Tuesday, there was another.
She laid them one each on consecutive days.
Fifteen days later, the first little one appeared.
We use our back door or garage to avoid disturbing Ms. Robin too much, but mostly that’s the human mother instinct of the Resident Gardener. One year we had a family of robins in the neighbor’s Holly tree. The mama raised a little noise the first time I stuck a pole-mounted GoPro over the nest, but she soon got used to me not doing any harm to her kiddies.
Another year, we had a nest in a Forsythia bush at the corner of our home, and one in another bush a few feet away. Clearly, robins – at least those congregating at our house – are not very concerned about human traffic.
House Sparrows chased away our pair of bluebirds, but the bluebirds came back this week, and have a pretty good start on weaving a new nest from White Pine needles. I get to watch as the Ms. sits in the entrance to the nest box, and Mr. takes up station on a garden pole several feet away.
I wonder whether birds enjoy the act of making more birds. It’s hard work, but I wonder whether they have a sense of pride after building a nest that doesn’t fall from where it’s mounted. It appears that the robin at our front door has used mud to glue her baby-basket between the brick wall of our house and the grapevine wreath.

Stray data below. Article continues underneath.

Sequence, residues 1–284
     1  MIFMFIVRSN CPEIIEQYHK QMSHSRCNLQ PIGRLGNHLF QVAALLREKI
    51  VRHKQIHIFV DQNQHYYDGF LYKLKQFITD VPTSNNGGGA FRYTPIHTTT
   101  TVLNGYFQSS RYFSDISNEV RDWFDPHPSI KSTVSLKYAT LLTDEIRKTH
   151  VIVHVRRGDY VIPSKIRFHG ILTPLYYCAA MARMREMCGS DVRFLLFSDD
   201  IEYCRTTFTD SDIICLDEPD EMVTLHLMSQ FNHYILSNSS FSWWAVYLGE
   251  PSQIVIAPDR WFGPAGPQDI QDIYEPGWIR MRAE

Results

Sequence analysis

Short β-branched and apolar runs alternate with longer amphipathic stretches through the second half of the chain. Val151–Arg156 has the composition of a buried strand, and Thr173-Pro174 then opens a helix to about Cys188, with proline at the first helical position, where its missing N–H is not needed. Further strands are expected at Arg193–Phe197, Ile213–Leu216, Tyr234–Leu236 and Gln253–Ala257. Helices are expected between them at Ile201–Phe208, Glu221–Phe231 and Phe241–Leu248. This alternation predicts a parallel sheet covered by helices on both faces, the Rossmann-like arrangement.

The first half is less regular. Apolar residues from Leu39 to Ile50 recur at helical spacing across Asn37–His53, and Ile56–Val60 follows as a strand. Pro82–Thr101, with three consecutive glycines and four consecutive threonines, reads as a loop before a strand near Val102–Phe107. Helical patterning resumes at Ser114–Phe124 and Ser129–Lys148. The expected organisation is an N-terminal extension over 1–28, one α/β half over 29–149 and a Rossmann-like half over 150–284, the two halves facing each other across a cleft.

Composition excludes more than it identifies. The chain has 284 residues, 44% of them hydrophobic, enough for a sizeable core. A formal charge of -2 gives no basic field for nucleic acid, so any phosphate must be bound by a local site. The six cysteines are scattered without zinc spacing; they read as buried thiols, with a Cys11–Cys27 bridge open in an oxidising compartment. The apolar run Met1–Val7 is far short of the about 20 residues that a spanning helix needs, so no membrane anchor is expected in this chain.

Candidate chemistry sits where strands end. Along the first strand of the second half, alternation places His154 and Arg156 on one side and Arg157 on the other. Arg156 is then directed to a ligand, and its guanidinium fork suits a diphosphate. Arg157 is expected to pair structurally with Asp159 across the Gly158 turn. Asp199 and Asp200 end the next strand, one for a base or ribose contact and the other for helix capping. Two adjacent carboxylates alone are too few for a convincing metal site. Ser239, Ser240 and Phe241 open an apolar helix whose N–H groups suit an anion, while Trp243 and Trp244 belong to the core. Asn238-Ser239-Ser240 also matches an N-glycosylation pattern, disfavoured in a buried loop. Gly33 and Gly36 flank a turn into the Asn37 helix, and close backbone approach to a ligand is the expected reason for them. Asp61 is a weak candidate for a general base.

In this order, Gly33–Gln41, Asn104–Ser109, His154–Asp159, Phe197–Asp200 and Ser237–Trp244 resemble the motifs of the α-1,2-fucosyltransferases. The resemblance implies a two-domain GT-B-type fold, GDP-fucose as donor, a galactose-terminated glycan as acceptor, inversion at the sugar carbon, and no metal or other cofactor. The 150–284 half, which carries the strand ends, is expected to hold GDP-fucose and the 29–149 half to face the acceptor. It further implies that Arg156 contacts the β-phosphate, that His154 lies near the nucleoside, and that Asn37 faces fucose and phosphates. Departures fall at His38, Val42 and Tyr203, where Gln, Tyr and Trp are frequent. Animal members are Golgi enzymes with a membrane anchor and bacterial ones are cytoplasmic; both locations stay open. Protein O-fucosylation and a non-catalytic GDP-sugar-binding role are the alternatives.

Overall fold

We humans like to think we’re at the top of the intelligence and feelings chains, but I wonder what, exactly, is the difference between a robin’s instinctive need to protect its offspring, and the same urge in a human parent.
I remember well the day our son was conceived, when two single cells began multiplying and dividing their way to fingers and toes and stomach and nose.
And the day I walked in the house and she said “Guess What!” and I said “You’re pregnant!” and the look on her face because I suddenly knew what I didn’t know she’d been waiting all day to tell me.
And the day about nine months later when a little version of me came sliding on one knee into the breath-on-your-own world, a cigar in one hand and a glass of Knob Creek in the other. He embarked on his own version of the journey with which we’re all familiar but never think about until we’re watching our own birds get wings and learn to fly and make their own copies of themselves.
We learn to talk, so do birds.
We learn to walk, they learn to fly.
We were enthralled when our son took his first steps. First, he grabbed the edge of the coffee table and stood up, wobbling, struggling to become used to doing one thing adults around him did so easily. Tired at the new effort, he plopped down on his diaper landing pad. Everyone laughed.
He needed a few tries to get the part down where you put one foot in front of the other. We coached him a little, like a mama robin probably coaches her offspring. “Just jump off and flap your arms, er, wings, like crazy,” I imagine her saying. And the kid robin replying, “Yeah, right, Mom. That’s real easy for you to say.”
These are things I think of while watching a pair of robin offspring illustrate the miracle of life.